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As I know from Lenz's law, I can induce current in a coil just by changing the magnetic field flux inside the coil.

As I know from physics course, photons are electromagnetic waves (so they are the flux change by definition(I think)).

So if I get very small (how small?) coil and illuminate it, would I induce current in this coil? And if I got an array (how big?) of such coils, could it be useful in energetic?

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Lenz's law (for pedantics: Faraday-Henry-Lenz, IIRC Lenz's contribution was the sign) says that a change of magnetic flux induces a current. Magnetic flux is the integral of the magnetic field across a surface.

A semi-classical view of a photon is a pair of transversal electric and magnetic fields. If you shoot a photon straight through your coil, the integrand is $\vec B \cdot \hat n = 0$, where $\hat n$ is the normal to your surface, and they are 0 because of perpendicularity.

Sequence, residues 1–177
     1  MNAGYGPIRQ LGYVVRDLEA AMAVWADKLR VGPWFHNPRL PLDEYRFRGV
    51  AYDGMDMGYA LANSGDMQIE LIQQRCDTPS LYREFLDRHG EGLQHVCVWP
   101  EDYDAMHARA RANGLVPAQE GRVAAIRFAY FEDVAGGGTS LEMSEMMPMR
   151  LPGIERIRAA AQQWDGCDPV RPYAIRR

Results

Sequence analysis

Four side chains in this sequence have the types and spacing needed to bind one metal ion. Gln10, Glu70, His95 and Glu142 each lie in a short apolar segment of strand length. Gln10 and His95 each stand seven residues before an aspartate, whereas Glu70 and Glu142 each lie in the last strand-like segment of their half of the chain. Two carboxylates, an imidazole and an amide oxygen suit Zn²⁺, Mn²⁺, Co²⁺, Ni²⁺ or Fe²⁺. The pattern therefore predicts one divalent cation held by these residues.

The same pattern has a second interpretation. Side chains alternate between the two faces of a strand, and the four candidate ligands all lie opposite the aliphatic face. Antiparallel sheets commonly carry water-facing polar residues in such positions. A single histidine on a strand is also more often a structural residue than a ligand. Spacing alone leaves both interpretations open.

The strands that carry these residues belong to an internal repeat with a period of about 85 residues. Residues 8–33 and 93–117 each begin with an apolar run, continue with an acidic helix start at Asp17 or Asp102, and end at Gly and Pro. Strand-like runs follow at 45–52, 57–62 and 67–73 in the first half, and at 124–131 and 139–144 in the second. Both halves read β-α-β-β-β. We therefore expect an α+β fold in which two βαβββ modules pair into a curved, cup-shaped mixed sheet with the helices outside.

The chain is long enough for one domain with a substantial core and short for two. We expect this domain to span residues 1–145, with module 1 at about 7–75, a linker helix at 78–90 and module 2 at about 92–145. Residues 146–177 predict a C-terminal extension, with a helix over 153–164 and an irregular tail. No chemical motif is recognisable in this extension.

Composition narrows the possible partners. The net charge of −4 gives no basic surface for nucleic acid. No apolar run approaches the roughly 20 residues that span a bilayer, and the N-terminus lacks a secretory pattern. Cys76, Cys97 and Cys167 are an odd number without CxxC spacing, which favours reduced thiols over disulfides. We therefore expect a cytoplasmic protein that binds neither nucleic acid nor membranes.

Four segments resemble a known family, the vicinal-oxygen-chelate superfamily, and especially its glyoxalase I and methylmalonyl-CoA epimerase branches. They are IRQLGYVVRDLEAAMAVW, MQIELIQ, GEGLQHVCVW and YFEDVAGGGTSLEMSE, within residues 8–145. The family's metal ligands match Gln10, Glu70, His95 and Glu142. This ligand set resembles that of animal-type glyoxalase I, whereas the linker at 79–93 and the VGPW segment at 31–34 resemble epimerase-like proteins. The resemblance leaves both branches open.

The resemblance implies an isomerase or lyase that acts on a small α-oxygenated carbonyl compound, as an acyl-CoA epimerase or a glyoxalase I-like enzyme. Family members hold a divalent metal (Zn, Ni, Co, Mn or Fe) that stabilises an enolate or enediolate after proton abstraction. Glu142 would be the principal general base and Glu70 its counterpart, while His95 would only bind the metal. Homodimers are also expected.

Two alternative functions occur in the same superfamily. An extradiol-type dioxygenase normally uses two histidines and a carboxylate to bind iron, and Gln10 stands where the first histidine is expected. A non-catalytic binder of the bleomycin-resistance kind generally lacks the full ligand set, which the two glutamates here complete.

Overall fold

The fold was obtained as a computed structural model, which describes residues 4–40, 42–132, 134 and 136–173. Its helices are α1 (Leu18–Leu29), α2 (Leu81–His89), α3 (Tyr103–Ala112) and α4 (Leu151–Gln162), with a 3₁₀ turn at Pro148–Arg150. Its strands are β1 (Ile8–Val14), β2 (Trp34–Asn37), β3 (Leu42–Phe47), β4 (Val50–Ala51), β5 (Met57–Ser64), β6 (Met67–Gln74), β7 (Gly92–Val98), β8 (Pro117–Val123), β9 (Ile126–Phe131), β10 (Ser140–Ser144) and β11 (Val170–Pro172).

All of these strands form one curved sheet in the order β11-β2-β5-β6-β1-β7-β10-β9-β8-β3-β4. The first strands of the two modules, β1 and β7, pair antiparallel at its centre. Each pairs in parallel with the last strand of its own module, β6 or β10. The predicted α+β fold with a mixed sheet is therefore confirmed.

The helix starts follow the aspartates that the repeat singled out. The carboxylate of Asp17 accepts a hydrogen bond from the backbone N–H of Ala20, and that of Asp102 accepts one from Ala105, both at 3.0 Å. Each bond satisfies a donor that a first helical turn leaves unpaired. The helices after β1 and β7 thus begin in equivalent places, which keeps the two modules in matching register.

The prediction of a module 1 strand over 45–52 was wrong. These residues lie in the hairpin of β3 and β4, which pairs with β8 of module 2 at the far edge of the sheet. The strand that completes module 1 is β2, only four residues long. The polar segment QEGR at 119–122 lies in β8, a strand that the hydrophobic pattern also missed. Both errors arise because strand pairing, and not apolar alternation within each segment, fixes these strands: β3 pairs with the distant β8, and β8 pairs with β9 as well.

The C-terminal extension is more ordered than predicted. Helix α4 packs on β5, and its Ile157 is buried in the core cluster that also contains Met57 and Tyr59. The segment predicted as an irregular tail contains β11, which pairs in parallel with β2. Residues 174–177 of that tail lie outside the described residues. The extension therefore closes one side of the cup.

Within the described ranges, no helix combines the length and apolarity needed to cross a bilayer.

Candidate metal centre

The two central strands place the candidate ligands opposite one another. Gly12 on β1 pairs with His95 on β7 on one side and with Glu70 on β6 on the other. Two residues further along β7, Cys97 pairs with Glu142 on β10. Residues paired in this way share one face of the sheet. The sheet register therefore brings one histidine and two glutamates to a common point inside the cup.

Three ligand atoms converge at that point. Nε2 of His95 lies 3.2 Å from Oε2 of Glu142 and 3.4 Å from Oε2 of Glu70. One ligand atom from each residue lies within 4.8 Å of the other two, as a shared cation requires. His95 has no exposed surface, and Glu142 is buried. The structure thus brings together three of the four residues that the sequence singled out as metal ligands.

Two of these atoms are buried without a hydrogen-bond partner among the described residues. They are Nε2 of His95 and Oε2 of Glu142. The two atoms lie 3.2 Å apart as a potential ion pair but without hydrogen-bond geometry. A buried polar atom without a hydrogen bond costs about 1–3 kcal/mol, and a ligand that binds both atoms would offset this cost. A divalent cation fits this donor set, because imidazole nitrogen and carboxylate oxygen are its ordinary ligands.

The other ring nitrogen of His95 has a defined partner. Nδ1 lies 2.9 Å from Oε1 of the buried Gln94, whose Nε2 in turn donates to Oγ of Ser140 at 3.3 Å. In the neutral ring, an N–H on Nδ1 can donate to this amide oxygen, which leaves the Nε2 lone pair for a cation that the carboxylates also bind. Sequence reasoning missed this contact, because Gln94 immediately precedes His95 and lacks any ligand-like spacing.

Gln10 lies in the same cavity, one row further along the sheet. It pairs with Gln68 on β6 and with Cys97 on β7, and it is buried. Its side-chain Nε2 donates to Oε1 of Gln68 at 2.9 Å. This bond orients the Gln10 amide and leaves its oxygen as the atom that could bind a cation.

You can then decide to sacrifice some surface and shoot them at an angle. They are no longer perpendicular, and so their product, albeit small, is non zero. If you have many photons that do not come from a laser, they will be out of sync, and where one of them has a positive $\vec B$, some other will be negative, and they cancel out.

If you shoot them one by one, you are pushing the limits of the semi-classical approximation. Assuming it were valid, yes, the integral would be non zero, and induce a small current. If you are shooting a red photon, in $10^{-12} s$ it will change directions, and then you will register a negative current, so they cancel out.

You may think now that noting is stopping us from using longer wavelengths, where the frequency is low enough so we can actually measure it. Well, then, you have one of these, a loop antenna:

A coil

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